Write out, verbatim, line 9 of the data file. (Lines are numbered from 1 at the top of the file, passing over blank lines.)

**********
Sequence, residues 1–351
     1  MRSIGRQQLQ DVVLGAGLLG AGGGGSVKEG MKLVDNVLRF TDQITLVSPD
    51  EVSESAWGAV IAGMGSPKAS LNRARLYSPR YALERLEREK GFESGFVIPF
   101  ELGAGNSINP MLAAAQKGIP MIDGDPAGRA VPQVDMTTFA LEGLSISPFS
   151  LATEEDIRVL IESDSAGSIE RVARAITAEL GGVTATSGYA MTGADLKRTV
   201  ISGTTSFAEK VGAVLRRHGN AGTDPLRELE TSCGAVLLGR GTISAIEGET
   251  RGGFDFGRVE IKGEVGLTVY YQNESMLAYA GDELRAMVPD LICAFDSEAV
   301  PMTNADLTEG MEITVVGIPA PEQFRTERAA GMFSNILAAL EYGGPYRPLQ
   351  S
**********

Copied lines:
   351  S